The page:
Why is technical information regarding the Gumstix Overo scattered all over? That even finding simple Rev information is way more difficult than it should be?
Why can't I just go to gumstix.com and look at the production information and find a datasheet that has all the pertinent rev information in it? Instead it has a Feature overview sheet link, and that opens a completely different page on a different website.
On that page there is some information, but not all the information. I have to print out three different web pages to get just the connector pinout (not placement, or how it's actually physically pinned out on the PCB footprint).
The placement information is on yet another page under schematic information. How its pinned out on the connector is located on the actual pcb layout file that requires eagle to open. Maybe I missed it, but I didn't see it anywhere else.
I remembered seeing Rev information for the board, but I couldn't find the webpage. I had to go to the gumstix community forum to look up the rev # to find the webpage link.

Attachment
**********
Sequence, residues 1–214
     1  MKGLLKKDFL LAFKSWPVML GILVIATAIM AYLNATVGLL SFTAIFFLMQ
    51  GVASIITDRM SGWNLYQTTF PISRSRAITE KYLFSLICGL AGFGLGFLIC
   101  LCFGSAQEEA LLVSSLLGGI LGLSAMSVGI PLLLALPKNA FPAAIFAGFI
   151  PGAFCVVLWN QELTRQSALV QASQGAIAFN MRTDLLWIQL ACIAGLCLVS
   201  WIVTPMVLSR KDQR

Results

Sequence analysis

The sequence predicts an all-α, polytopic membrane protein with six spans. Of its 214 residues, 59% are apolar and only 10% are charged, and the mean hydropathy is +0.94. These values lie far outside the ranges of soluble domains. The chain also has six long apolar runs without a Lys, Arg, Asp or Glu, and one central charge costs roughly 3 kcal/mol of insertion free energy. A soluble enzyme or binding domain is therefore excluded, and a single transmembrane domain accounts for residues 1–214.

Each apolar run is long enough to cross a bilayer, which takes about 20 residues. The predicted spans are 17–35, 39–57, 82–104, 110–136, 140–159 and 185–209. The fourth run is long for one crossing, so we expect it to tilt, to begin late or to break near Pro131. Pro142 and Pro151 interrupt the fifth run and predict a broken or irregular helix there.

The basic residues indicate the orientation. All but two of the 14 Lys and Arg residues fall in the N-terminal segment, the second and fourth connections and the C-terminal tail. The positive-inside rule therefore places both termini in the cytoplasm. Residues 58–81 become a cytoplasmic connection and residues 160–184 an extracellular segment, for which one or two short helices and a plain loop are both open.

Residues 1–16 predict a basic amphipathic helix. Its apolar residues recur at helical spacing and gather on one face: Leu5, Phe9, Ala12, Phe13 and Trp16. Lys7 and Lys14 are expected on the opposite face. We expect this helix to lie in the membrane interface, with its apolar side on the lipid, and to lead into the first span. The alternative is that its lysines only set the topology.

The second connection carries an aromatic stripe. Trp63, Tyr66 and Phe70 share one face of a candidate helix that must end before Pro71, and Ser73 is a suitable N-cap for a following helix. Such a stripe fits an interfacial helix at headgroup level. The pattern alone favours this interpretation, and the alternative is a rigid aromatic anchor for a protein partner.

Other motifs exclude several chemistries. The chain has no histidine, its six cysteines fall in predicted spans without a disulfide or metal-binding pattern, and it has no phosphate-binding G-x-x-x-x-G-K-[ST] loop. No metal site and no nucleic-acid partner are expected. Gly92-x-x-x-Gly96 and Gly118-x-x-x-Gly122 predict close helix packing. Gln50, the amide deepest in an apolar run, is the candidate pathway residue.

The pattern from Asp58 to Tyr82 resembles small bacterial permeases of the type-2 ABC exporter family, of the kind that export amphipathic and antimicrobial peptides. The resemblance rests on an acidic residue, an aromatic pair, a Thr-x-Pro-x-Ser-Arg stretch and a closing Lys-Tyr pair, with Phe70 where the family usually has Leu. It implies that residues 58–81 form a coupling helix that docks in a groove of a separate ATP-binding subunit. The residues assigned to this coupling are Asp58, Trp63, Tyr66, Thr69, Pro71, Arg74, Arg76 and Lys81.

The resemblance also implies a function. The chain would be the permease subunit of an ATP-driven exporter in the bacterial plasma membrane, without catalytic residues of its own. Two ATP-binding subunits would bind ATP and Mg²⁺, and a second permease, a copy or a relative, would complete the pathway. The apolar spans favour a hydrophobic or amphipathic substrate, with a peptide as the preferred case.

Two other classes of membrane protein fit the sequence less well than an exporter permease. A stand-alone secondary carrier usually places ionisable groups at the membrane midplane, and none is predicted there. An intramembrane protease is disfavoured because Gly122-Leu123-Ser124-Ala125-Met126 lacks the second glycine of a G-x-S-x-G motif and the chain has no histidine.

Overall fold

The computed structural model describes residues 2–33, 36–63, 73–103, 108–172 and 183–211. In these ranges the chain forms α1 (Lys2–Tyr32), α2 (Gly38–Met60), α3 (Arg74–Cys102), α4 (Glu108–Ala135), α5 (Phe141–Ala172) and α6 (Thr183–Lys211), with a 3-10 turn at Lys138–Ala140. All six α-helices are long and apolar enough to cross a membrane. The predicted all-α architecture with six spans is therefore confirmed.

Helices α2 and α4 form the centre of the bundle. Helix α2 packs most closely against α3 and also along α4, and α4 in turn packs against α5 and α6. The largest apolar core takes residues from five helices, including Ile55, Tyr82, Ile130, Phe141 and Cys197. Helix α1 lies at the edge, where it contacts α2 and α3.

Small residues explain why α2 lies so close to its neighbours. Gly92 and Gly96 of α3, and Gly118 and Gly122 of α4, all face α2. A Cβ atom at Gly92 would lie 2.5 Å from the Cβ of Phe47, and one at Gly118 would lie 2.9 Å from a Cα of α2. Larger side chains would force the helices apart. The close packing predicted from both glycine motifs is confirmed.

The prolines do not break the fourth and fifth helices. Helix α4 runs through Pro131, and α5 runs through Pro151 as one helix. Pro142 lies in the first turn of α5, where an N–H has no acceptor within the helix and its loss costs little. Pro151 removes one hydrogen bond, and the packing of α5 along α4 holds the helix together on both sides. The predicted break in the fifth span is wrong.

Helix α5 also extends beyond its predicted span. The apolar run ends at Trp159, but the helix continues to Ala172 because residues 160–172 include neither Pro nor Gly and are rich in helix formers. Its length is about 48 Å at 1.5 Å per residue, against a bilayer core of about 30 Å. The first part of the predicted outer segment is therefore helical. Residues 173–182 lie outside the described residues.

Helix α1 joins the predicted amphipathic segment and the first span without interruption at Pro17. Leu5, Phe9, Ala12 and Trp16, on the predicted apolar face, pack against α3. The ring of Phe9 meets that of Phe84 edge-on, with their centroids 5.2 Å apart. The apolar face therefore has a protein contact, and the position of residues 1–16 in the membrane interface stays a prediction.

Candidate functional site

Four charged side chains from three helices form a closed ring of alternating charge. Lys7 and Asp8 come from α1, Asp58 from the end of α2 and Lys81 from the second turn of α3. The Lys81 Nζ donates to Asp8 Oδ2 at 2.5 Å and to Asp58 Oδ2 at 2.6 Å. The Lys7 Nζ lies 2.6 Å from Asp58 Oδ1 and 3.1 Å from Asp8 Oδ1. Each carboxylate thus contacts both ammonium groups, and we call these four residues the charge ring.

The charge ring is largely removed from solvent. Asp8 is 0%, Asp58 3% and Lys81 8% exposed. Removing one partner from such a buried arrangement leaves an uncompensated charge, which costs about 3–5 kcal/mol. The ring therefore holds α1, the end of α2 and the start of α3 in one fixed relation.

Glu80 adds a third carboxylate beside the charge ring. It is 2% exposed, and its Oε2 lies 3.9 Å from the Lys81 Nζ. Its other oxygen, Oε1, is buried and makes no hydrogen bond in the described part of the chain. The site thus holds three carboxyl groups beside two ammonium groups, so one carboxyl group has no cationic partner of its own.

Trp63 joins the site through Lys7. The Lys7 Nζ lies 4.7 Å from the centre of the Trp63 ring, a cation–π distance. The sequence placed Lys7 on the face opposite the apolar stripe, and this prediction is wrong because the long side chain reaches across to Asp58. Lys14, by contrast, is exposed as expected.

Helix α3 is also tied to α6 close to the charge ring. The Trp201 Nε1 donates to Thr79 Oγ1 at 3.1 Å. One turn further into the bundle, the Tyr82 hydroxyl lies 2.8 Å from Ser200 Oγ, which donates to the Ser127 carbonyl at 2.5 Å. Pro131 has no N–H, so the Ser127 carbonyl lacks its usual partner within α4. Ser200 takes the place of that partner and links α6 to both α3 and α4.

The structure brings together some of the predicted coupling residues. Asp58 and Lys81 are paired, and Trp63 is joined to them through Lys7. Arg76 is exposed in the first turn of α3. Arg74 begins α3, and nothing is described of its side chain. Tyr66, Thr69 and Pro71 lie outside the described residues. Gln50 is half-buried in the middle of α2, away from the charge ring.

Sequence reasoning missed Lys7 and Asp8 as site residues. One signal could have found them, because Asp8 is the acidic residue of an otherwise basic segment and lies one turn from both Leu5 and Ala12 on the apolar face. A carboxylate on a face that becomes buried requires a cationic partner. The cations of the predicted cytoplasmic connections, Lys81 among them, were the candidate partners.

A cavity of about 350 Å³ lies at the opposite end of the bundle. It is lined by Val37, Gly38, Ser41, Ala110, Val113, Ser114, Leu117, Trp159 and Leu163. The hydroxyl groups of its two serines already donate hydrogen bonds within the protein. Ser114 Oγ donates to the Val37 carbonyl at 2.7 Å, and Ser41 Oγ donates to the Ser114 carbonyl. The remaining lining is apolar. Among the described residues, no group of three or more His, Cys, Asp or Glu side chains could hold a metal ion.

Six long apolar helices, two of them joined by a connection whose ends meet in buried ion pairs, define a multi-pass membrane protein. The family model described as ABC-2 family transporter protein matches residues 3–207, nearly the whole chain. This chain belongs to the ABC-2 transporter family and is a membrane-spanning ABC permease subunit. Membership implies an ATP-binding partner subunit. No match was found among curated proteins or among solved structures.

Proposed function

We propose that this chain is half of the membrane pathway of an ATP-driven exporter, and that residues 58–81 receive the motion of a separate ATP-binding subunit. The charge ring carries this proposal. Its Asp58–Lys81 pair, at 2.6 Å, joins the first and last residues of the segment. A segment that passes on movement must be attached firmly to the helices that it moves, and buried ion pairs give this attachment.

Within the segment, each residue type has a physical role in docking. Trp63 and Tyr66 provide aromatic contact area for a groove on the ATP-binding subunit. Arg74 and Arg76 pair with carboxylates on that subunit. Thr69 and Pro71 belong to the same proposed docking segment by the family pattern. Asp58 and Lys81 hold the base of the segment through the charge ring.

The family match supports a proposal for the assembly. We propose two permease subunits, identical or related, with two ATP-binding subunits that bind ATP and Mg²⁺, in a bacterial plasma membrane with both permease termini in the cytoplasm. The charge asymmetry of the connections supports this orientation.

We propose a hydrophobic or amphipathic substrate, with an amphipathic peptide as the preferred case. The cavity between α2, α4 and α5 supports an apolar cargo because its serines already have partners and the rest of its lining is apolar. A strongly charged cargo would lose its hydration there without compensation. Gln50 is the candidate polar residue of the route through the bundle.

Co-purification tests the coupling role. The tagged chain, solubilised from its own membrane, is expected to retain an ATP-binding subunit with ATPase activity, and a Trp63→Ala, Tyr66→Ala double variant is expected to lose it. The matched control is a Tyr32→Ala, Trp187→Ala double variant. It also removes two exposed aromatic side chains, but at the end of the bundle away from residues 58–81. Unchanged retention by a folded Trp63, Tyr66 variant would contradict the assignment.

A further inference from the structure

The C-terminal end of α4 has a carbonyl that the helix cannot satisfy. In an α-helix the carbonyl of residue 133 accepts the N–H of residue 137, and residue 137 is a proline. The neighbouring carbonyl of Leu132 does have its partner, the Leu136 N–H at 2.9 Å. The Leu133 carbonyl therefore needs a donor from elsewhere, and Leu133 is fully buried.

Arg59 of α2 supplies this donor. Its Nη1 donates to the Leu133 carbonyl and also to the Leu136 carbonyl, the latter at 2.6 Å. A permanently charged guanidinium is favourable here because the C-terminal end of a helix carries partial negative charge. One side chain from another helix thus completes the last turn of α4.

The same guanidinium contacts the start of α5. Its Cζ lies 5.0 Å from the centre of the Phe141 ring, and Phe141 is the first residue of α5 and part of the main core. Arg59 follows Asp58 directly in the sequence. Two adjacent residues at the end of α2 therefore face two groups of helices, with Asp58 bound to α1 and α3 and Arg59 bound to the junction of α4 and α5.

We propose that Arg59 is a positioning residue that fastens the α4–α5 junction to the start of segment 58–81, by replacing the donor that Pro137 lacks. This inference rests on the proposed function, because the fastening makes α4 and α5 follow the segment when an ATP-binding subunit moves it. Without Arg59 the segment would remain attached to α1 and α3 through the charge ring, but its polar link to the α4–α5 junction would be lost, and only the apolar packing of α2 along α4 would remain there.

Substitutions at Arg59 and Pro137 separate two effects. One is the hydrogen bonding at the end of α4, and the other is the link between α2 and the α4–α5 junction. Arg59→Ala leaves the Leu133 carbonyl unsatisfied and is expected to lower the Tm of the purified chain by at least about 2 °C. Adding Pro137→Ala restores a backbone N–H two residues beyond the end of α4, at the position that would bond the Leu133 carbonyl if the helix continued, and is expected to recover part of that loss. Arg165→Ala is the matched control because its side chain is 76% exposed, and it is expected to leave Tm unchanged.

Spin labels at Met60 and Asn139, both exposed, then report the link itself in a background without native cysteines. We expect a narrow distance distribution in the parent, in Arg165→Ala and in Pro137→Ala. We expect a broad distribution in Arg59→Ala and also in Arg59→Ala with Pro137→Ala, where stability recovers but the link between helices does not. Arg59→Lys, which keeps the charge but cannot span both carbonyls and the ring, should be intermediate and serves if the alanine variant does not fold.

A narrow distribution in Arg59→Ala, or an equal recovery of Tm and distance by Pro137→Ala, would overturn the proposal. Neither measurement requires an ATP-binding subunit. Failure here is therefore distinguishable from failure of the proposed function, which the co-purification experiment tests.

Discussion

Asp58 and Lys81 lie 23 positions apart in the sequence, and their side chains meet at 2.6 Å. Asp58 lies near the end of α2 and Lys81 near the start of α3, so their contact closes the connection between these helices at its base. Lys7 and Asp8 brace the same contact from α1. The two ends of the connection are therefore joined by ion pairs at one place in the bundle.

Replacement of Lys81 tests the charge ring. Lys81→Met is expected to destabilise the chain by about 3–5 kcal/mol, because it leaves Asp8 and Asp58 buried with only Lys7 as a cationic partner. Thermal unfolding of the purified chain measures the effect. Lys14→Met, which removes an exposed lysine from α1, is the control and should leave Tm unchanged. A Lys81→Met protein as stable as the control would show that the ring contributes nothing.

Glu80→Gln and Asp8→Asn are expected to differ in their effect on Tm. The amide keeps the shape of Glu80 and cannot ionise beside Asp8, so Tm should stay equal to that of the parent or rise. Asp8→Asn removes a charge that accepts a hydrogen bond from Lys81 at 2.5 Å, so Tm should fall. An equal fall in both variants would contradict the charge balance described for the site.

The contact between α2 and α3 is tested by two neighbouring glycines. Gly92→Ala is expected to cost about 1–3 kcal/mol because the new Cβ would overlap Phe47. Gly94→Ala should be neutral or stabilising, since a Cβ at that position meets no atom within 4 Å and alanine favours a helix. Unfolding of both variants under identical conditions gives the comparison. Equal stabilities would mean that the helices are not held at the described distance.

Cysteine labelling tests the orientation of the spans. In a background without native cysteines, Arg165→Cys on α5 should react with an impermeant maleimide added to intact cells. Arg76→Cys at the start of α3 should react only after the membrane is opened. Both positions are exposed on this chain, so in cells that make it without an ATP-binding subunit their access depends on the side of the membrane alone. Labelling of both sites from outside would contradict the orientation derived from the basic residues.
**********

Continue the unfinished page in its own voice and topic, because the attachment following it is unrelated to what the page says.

What was posted -> http://www.gumstix.net/Hardware/view/Revision-notices/2009-Revision-Notices/112.html
What I came across -> http://www.gumstix.net/Hardware/cat/Revision-notices/112.html#faq172
What's the purpose of both pages? Why is the good one hidden? Why have a product change notice page without the resulting revision #'s like the good one shows?
For comparison purpose I can go to http://www.variscite.com
Click on the product I'm interested in. Suddenly on that page there is a Datasheet. Maybe I'm just an old timer, but there is just something about a PDF datasheet that feels good.
Within that there is the connector pinout, a description of what each connector does, and where pin 1 is on the module. So I can make sure it matches up with pin 1 on my board.
Now one could argue that the Gumstix is meant for a different client. That it's not really meant for people who might buy 200-500 of them a year.
The Gumstix Summit/Tobi/etc is considerably cheaper than what Variscite has for a baseboard, but the Variscite modules are cheaper than the comparable Overo module.
But, why not capture that market? Why limit the market for the Overo? Why can't Gumstix be both a company that supports open hardware/open development, but also have solid testing/support/documentation.